Input Stories

Input Stories

Manufacturers Promote Regenerative Farming for Sustainability

Manufacturers are increasingly focusing on a particular area of sustainability: helping agriculture become more climate-friendly, according to The Wall Street Journal (subscription). 

What’s going on: “Some governments and a handful of major corporations are making inroads in turning farming toward more earth-healthy practices” called regenerative farming methods, which “could capture significant carbon dioxide from the atmosphere as well as improve soil health, biodiversity, resilience and farm economics.”

  • This approach to farming varies from case to case and “include[s] growing cover crops, reducing tillage, crop rotation and agroforestry.”

Why it’s important: In one study, climate-smart agriculture—for which the Inflation Reduction Act earmarked $19.5 billion—increased farmers’ long-term income up to 120% after an initial three- to five-year start-up period.

  • Soil can capture between 100 and 120 gigatons of carbon dioxide from the atmosphere, experts say.

Already working: In 2022, beverage producer Diageo started a Guinness regenerative agriculture pilot program in Ireland and recruited 44 farmers to it.

  • Third-generation farmer Walter Furlong, who is part of the program, has already noticed a difference. “We’re measuring more on the farm in terms of emissions . . . [and] finding that from four or five simple changes, we’re able to make some big impact in terms of reducing carbon.”

Making the case to farmers: In 2020, the Sustainable Markets Initiative—a private-sector group that includes senior leaders from manufacturers such as PepsiCo and Mondelez International—set up a task force to speed regenerative agriculture adoption among farmers.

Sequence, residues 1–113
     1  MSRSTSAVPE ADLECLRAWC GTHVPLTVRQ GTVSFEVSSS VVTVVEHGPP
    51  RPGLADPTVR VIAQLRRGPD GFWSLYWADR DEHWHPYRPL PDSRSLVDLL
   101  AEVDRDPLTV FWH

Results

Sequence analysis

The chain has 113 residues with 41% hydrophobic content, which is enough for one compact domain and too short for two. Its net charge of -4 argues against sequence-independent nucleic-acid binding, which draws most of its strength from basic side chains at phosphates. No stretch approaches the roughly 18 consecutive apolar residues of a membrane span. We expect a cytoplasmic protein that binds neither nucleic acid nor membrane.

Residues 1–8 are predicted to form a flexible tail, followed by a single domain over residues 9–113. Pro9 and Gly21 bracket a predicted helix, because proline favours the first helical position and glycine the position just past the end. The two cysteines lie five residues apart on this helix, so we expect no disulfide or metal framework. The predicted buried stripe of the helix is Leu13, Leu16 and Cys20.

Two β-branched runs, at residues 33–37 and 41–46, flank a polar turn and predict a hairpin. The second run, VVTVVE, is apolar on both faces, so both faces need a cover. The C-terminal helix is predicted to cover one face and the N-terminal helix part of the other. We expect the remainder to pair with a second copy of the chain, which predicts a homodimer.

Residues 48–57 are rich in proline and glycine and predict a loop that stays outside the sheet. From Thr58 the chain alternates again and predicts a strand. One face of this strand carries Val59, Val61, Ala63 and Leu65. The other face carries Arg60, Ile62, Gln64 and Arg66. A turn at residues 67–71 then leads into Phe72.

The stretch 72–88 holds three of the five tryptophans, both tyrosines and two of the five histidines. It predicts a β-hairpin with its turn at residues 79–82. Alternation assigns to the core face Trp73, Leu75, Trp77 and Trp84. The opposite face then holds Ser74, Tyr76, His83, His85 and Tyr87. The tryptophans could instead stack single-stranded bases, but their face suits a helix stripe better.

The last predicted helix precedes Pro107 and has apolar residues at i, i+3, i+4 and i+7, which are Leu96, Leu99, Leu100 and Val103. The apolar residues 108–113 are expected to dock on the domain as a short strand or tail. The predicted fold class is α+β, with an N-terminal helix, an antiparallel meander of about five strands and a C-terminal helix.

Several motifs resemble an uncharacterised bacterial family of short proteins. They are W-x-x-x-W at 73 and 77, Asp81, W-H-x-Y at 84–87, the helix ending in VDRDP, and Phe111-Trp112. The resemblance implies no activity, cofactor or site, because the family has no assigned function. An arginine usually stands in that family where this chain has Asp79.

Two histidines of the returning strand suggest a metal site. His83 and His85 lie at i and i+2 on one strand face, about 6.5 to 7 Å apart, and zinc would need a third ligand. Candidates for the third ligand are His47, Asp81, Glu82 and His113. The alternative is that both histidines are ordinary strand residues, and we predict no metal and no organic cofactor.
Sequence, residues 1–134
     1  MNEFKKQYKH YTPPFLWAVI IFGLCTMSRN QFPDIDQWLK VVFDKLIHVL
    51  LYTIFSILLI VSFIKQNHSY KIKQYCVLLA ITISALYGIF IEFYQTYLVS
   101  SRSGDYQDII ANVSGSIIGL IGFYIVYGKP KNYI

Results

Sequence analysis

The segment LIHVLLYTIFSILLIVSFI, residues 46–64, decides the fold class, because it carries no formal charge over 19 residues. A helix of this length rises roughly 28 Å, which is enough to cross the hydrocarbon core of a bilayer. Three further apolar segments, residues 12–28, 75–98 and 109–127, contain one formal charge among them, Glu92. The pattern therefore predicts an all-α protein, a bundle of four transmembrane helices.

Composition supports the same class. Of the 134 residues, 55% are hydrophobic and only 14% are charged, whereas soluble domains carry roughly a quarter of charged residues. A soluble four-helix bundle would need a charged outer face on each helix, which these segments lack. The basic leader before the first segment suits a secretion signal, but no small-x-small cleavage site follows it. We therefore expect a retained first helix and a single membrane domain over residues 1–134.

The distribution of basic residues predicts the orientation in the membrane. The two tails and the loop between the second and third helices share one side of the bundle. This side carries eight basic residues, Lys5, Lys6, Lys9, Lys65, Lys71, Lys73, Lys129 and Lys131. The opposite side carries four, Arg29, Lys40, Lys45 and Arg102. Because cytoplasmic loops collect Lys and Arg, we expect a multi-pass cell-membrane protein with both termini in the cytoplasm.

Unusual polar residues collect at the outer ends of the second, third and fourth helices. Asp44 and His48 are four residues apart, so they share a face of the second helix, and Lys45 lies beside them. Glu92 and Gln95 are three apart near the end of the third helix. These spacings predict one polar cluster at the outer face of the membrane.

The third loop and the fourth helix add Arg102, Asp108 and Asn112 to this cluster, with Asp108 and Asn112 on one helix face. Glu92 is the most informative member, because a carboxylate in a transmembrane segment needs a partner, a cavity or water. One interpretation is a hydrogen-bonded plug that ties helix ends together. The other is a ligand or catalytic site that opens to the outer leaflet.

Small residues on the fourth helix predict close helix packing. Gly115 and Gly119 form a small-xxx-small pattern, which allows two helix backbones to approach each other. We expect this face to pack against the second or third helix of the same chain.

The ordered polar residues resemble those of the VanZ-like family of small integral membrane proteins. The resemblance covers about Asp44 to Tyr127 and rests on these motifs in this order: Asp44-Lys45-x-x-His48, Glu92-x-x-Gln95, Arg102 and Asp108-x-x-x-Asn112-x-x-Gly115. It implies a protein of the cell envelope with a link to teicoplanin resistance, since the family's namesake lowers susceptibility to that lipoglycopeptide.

• The chief adoption hurdle, a report from the initiative found two years later, “was that farmers’ short-term economics don’t add up” and there was “a knowledge gap.”
  • Financial incentives, derisking mechanisms and technical and peer support help overcome this hurdle, the group found.

Shifting perceptions: Farmers have told PepsiCo, which runs demonstration farm programs using regenerative agricultural practices, that optics plays a big role in whether regenerative agriculture is used. 

  • One technique involves leaving crop residues on the soil—a practice that can look “dirty,” one Iowa farmer told PepsiCo Chief Sustainability Officer Jim Andrew.
  • “Shifting that culture takes time. PepsiCo’s demonstration farm programs often include field days to bring farmers together in the hope that if they see the benefits of regenerative agriculture on land similar to theirs it can help overcome barriers to adoption.”
  • Agricultural commodities company Cargill also uses field days as a way of letting farmers see where peers are having success. Another major factor in changing perceptions among farmers, according to the firm, has been the involvement of large farming institutions, such as the American Farm Bureau Federation.
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